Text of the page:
You know we go the extra mile for an interesting data set. I’ve recently been doing so quite literally and logged around 5 running sessions per week with help of a GPS running watch. Thanks to some Selenium magic, I’ve been able to easily download the raw CSV files and am now able to donate them for your analysis pleasure. You can find them on github.
Running Training Sessions Data Set
Each session is logged at a resolution of one second, containing
- Heart Rate (bpm)
- Speed (km/h)
- Pace (min/km)
- Cadence (steps/minute)
- Altitude (m)
- Distance (m)
The device used to log the runs (the discontinued Polar M400 running watch) also creates columns for additional metrics that it doesn’t log. These are left blank in the files. The data is provided as gzipped CSV files. Note that no data cleaning was attempted. This means that the data contains outliers and measurement errors. Below you see a sample plot representing the altitude profile of a 20 kilometers run, including a number of apparent measurement errors.
The data set contains sessions of various distances ranging from a few kilometers to 20+ kilometers.
How Slow Do I Go Uphill?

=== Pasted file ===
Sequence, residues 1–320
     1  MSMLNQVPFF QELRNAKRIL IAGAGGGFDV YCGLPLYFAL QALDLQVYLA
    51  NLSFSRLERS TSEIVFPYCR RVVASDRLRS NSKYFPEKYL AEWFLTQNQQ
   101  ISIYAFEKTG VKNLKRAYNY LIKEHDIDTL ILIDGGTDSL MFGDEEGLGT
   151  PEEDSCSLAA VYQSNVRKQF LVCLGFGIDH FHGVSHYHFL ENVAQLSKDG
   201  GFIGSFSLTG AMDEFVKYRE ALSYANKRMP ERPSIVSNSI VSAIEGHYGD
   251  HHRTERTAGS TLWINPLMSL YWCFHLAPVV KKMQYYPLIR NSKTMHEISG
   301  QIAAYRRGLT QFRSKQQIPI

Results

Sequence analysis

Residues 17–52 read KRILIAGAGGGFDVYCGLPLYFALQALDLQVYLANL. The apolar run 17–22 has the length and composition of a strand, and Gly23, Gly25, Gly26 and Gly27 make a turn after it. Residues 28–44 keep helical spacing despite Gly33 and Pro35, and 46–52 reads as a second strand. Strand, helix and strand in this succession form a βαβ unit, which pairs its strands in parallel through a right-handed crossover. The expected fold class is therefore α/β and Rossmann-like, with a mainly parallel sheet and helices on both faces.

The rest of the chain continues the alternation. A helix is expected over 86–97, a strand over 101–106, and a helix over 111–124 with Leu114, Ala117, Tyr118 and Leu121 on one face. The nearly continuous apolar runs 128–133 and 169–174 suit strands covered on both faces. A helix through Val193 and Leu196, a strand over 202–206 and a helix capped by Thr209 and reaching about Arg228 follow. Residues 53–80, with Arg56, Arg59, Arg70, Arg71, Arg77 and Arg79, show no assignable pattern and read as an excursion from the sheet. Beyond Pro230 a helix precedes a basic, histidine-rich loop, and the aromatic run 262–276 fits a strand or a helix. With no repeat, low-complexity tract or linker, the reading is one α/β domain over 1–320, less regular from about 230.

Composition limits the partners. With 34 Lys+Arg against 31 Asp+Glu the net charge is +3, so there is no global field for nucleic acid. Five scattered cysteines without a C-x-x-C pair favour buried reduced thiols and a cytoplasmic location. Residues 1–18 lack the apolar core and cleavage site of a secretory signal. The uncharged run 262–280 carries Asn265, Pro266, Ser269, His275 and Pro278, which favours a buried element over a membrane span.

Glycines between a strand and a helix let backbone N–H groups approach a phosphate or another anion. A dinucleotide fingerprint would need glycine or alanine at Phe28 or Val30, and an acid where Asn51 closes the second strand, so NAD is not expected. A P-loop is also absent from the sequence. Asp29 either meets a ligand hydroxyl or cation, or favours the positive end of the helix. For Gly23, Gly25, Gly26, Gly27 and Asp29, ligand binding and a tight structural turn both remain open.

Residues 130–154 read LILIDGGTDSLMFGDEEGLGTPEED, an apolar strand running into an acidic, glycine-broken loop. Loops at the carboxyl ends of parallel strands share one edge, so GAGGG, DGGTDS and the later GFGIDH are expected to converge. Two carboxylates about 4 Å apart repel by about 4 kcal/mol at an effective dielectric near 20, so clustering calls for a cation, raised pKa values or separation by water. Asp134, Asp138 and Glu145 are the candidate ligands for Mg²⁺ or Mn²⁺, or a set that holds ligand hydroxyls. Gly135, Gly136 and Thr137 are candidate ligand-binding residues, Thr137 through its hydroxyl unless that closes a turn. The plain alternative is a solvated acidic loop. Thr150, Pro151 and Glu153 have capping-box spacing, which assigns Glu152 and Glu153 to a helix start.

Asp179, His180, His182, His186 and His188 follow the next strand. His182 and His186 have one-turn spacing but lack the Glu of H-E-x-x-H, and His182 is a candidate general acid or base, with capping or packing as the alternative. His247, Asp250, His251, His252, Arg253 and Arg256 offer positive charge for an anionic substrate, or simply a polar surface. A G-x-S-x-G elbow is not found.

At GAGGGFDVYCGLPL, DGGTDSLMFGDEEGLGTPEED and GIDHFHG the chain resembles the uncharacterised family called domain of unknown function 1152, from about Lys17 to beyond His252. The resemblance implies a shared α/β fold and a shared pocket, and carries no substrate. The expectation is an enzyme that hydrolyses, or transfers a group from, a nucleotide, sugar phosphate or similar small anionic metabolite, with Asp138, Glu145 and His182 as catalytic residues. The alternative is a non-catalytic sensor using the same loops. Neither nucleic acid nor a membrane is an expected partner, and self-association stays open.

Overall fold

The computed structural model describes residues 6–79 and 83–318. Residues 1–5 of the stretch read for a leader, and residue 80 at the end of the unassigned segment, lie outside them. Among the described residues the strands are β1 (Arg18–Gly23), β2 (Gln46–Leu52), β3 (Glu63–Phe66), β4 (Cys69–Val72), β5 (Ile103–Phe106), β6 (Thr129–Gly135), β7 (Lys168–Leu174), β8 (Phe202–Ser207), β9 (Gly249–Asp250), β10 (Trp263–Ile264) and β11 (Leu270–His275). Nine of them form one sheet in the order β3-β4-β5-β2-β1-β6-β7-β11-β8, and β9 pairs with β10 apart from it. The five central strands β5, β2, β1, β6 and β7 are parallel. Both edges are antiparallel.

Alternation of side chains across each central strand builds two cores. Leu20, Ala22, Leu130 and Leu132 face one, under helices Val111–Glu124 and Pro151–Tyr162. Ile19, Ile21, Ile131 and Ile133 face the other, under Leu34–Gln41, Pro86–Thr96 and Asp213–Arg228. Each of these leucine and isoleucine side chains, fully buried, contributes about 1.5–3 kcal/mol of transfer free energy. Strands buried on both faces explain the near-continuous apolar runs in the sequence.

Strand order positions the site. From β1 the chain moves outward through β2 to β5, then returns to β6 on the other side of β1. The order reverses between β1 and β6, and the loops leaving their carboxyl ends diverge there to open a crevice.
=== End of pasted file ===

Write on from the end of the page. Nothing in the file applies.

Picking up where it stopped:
I’ll probably do some more sophisticated analyses on the data later on, but for inspiration for things you could do with these data, let’s find out how much slower I go uphill. I’ve added a column measuring ascend in percent. I fit an ordinary least square model from the Statsmodels package, predicting speed from heart rate (and its square), seconds ran, and ascend (as well as its square). The data is grouped in two minute sections to remove autocorrelation. This relatively simple model explains roughly a third of the variance in the data.
|Dependent Variable:||Speed (km/h)||AIC:||2801.2025|
|Df Residuals:||1036||Prob (F-statistic):||5.84e-82|
So how much does running up or down a hill slow me down? The mean ascend over the two minute windows I’ve used is distributed like this.
So the relevant ascend range is roughly between -20% and 20%. Taking the quadratic effect of the slow-down into account (remember I used the ascend as well as its square in the model), the influence of running up or down a hill looks like the following graph.
On the steep downhill sections, I gain roughly half a km/h, while I loose on the steep uphill sections more than twice that. This makes complete sense since I try to avoid running downhill too fast to save my knees.
This is it for now, have fun with the data and stay tuned for more data adventures.